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Caregiver Training Blog

Fiber and Brain Aging: Is There a Connection?

Caregiver info

By now we’re all aware that fiber is an important part of a healthy diet for everything from heart health to weight management. Now comes one more piece of evidence reinforcing the value of eating fiber-rich foods: Doing so may delay age-related brain inflammation, according to recent research published in the academic journal, Frontiers in Immunology. 

Here’s a closer look at the findings, along with tips aimed at helping caregivers looking to incorporate more fiber into their aging loved ones’ diets.

A Brain Benefit

According to the research, chronic inflammation of microglia—the central nervous system’s primary immune cells—is a normal part of the aging process. This inflammation is linked with memory loss and cognitive decline in older people. However, researchers have now concluded that dietary fiber can reduce the inflammatory environment—not only in the gut but also in the brain—by reducing the production of interleukin-1β, a pro-inflammatory chemical which has also been associated with Alzheimer’s disease. 

Said study co-author Jeff Woods, a professor in the Department of Kinesiology and Community Health at the University of Illinois at Urbana-Champaign, "We know that diet has a major influence on the composition and function of microbes in the gut and that diets high in fiber benefit good microbes while diets high in fat and protein can have a negative influence on microbial composition and function." Changing gut microbes—in this case, through the introduction of fiber “is one what in which [diet] affects disease,” continued Woods. 

The Fiber Imperative

Advises corresponding author Rodney Johnson, a professor and the head of the Department of Animal Sciences at the University of Illinois at Urbana-Champaign, “What you eat matters. We know that older adults consume 40 percent less dietary fiber than is recommended. Not getting enough fiber could have negative consequences for things you don't even think about, such as connections to brain health and inflammation in general."

In many cases, this is easier said than done. Which begs the question: What can caregivers do to help seniors realize the health benefits of eating more fiber? These simple tips can help:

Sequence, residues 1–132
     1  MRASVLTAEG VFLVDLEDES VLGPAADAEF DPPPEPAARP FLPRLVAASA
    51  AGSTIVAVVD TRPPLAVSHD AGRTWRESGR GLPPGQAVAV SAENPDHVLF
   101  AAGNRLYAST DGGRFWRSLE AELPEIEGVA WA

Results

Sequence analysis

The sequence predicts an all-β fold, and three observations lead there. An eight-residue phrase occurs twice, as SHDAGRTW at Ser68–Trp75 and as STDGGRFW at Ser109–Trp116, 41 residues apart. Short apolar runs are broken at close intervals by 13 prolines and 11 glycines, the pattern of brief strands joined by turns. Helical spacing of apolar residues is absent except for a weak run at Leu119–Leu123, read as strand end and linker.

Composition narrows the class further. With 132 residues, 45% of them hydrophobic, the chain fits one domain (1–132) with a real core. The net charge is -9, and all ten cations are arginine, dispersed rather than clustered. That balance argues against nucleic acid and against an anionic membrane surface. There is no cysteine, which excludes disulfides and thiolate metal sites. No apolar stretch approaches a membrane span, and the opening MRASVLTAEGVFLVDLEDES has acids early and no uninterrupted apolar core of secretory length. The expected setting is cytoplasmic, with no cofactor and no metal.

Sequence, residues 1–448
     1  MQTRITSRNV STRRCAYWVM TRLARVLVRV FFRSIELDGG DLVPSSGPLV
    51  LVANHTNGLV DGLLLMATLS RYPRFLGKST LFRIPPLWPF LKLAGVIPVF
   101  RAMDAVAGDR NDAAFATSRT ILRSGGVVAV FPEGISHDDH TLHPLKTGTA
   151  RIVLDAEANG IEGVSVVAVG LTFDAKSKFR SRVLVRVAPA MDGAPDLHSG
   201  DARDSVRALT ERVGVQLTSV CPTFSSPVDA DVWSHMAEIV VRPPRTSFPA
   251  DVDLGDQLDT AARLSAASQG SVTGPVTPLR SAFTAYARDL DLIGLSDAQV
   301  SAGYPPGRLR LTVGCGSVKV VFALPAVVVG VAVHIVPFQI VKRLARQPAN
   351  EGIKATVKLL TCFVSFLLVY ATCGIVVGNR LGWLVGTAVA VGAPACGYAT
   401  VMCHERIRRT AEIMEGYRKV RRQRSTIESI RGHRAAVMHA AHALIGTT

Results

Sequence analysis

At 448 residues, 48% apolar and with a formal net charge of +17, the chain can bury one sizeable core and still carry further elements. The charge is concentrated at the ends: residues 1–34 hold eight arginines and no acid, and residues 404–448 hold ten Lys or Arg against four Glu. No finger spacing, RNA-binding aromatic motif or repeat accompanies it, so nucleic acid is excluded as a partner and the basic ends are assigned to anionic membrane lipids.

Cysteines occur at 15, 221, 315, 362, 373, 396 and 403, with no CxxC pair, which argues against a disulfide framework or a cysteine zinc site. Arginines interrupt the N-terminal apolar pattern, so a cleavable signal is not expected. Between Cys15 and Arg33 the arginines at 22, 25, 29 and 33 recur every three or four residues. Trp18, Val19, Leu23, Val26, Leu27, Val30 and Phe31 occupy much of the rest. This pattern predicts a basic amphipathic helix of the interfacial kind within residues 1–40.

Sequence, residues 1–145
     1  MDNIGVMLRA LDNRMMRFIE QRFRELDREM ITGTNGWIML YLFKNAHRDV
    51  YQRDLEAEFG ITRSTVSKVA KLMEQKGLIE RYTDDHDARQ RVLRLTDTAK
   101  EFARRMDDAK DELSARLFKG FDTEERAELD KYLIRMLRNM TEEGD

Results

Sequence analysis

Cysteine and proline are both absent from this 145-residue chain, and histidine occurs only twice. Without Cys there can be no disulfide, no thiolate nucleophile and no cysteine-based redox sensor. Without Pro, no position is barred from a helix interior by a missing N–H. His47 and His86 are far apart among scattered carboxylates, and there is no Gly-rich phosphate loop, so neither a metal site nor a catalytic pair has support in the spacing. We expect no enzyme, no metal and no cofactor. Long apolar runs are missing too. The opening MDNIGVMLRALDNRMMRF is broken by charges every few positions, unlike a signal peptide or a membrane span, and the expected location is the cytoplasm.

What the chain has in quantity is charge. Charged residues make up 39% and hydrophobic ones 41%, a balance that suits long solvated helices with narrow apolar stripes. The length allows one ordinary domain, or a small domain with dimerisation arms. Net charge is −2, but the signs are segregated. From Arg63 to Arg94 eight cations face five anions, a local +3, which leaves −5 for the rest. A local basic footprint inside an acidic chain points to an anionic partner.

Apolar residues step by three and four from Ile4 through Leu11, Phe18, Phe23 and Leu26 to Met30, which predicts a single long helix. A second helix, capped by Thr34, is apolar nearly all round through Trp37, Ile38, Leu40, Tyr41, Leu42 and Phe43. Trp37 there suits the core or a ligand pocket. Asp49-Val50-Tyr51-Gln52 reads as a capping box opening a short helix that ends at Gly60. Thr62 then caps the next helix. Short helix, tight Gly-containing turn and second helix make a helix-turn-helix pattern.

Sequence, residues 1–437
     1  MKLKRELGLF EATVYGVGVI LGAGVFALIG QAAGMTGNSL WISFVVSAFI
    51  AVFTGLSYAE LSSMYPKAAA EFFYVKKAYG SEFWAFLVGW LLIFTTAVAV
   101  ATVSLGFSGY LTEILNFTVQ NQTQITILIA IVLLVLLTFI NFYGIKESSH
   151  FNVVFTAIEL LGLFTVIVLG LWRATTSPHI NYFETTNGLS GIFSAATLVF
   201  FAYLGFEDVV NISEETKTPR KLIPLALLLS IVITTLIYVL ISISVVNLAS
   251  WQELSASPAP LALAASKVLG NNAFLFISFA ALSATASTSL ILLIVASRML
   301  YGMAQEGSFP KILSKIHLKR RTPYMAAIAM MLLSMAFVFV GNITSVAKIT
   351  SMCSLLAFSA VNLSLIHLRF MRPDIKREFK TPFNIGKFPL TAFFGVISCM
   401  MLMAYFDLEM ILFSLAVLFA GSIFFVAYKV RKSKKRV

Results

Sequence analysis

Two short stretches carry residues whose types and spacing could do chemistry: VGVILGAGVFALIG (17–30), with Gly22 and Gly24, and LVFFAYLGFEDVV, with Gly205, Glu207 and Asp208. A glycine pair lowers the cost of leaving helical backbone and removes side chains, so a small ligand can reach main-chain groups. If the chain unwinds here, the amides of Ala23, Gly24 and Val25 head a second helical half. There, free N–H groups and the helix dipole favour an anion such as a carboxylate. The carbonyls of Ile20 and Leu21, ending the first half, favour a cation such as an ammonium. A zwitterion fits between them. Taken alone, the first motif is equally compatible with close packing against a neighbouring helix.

• Switch to whole grain bread, pasta, and breakfast cereals
  • Top waffles, pancakes, or cereal with fruit
  • Swap in whole fruits for fruit juices
  • Add dried fruits and nuts to salads and snacks
  • Bake with whole wheat flour instead of white flour
  • Add beans and chickpeas to soups and salads

Making these changes gradually can not only be easier for seniors to adjust to, but it can also be gentler on their digestive systems. One rule of thumb to shoot for? Include a fiber source in every meal. The good news? There are many nutritious and delicious fiber-filled recipes to discover, including Kitchen Sink Veggie Pasta Salad.

 If you’re still struggling to help a senior in your care get more fiber, talk to his or her doctor about supplementing with psyllium, a high-fiber compound that can be mixed into water or fruit juice.

Speaking of water or fruit juice, seniors should also amp up their intake of fluids when adding fiber to their diets in order to avoid constipation

Older man drinking a glass of water.

One last thing for caregivers to keep in mind? The benefits of eating a fiber-rich diet aren’t limited to the elderly. In addition to adding more fiber to your aging loved one’s diet, commit to adding more fiber to your own diet, too. 

mmLearn.org offers a large library of free videos for caregivers of older adults, covering topics pertaining to senior care. Whether you are a healthcare professional or a family caregiver, if you are caring for an older adult we know that you will find mmLearn.org an essential learning and guidance tool for all of your caregiver training needs. For more online training for caregivers, access our free online caregiver video library today.